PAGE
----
Friday, January 11 marked the first day of 2019 in which roughly 800,000 federal workers missed a paycheck they would have otherwise received were it not for the partial shutdown of the federal government. Those workers fall into two main categories: (1) workers who have been furloughed, and (2) workers who perform what are considered essential services and must report to work without a definite pay date. Deprived of a paycheck, many of them are wondering how they’re going to pay their bills. But to hear White House economic adviser Kevin Hassett tell it, they are “better off” because of the shutdown.
During an interview for “PBS NewsHour,” Hassett asserted, “A huge share of government workers were going to take vacation days, say, between Christmas and New Year’s. And then we have a shutdown, and so, they can’t go to work—and so, then they have the vacation, but they don’t have to use their vacation days. And then they come back, and then, they get their back pay.”
Hassett neglected to mention, of course, that until the shutdown ends, many federal workers won’t have any source of income—although their need to pay rent, buy groceries and pay their utility bills will continue. But Hassett is hardly alone among Republicans when it comes to being painfully out of touch about the economic hardships of others.
Here are some other examples of Republicans making clueless, insensitive or ridiculous statements about the partial government shutdown and all the misery it is causing federal workers in the U.S.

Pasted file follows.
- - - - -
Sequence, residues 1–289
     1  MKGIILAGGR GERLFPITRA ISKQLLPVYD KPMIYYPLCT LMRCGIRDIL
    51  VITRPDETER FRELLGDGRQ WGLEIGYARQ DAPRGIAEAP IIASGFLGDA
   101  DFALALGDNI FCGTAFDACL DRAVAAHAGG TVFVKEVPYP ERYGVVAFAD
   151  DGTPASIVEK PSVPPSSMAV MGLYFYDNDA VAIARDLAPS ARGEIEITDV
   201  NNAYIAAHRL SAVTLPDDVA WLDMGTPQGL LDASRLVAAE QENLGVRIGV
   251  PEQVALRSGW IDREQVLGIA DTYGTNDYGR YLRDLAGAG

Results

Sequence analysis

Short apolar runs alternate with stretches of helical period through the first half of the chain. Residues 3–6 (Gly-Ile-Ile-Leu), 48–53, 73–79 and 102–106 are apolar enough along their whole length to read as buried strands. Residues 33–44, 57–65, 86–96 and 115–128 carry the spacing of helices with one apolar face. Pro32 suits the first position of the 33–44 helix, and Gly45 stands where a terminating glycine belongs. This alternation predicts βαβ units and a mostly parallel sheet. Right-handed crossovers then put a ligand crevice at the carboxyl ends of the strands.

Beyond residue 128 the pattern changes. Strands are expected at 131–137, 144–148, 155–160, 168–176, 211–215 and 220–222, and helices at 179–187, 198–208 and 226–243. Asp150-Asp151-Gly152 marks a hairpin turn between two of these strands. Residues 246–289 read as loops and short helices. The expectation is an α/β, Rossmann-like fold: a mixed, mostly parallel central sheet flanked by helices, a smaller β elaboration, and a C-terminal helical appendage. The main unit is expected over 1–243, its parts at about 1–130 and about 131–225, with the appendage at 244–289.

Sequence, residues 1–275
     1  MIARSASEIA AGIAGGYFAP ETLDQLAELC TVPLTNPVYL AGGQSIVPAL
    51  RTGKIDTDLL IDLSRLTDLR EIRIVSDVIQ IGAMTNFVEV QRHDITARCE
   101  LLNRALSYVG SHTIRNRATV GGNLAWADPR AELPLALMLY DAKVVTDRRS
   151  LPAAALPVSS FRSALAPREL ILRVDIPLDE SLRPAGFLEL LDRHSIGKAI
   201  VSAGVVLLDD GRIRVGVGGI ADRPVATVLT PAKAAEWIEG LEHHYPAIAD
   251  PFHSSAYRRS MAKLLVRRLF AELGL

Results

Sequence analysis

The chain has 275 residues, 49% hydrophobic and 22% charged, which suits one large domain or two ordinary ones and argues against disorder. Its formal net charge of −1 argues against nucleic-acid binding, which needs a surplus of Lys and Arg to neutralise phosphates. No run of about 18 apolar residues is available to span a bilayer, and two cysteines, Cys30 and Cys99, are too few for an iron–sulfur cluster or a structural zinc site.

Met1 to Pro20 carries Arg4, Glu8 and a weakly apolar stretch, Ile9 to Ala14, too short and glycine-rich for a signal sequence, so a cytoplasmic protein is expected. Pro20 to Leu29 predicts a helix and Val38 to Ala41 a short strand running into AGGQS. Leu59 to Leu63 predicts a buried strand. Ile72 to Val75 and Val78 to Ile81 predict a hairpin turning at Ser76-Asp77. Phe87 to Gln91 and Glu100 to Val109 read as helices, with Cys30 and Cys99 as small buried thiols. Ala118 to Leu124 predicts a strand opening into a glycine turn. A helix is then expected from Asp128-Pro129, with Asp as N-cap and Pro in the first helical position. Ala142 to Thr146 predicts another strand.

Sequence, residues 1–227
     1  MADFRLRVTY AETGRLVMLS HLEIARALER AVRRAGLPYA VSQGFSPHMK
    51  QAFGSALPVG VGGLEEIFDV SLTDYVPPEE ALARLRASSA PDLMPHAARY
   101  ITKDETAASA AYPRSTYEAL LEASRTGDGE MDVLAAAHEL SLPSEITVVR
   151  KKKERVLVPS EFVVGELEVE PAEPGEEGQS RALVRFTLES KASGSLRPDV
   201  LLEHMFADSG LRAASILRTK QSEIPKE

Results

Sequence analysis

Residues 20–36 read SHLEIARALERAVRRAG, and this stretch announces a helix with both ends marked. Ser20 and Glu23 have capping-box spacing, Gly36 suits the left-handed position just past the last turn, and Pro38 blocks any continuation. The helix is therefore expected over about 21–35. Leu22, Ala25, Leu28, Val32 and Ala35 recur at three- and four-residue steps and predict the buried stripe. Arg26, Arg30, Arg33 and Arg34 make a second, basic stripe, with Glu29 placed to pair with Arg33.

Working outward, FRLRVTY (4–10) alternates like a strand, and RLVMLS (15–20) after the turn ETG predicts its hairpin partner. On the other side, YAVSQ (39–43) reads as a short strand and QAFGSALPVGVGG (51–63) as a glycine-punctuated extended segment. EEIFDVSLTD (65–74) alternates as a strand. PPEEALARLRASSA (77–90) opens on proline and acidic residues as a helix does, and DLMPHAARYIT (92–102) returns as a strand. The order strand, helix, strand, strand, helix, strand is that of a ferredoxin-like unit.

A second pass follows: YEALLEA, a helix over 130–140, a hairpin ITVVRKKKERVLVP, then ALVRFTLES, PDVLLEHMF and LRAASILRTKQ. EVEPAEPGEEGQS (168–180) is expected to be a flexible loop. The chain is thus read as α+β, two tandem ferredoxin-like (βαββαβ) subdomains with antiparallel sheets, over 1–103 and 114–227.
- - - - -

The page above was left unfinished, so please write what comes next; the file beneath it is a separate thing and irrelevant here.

1. Rep. Mark Meadows
Rep. Mark Meadows—the North Carolina Republican who heads the House Freedom Caucus—has urged President Donald Trump not to sign any spending bill that lacks funding for a U.S. border wall. And his attitude is that if federal workers are hurting because of the shutdown, tough—they knew that shutdowns were a possibility when they signed up for government work. “It’s actually part of what you do when you sign up for any public service position,” Meadows callously said.
2. Rep. Tom Reed
To express their solidarity with federal workers who are suffering because of the shutdown, some members of Congress have volunteered to give up their paychecks. But Rep. Tom Reed of Upstate New York isn’t one of them. When CNN’s Brianna Keilar asked Reed if he would be willing to give up his paycheck, Reed responded, “I just don’t feel it’s appropriate for me to use a P.R. stunt or something along those lines.” In other words, Reed equates expressing sympathy for workers who have been temporarily deprived of income with a “P.R. stunt.”
3. Rep. Scott Perry
The fact that some federal workers are living paycheck to paycheck is lost on Rep. Scott Perry, who recently declared, “Who’s living that they’re not going to make it to the next paycheck?” Members of Congress earn six-figure salaries, and unlike other federal workers, they continue to receive their paychecks during shutdowns unless they volunteer not to. But Perry, evidently, fails to realize that it’s much easier to have some savings when one is making six figures than it is if one’s salary is $25,000 per year.
4. Trump’s Office of Personnel Management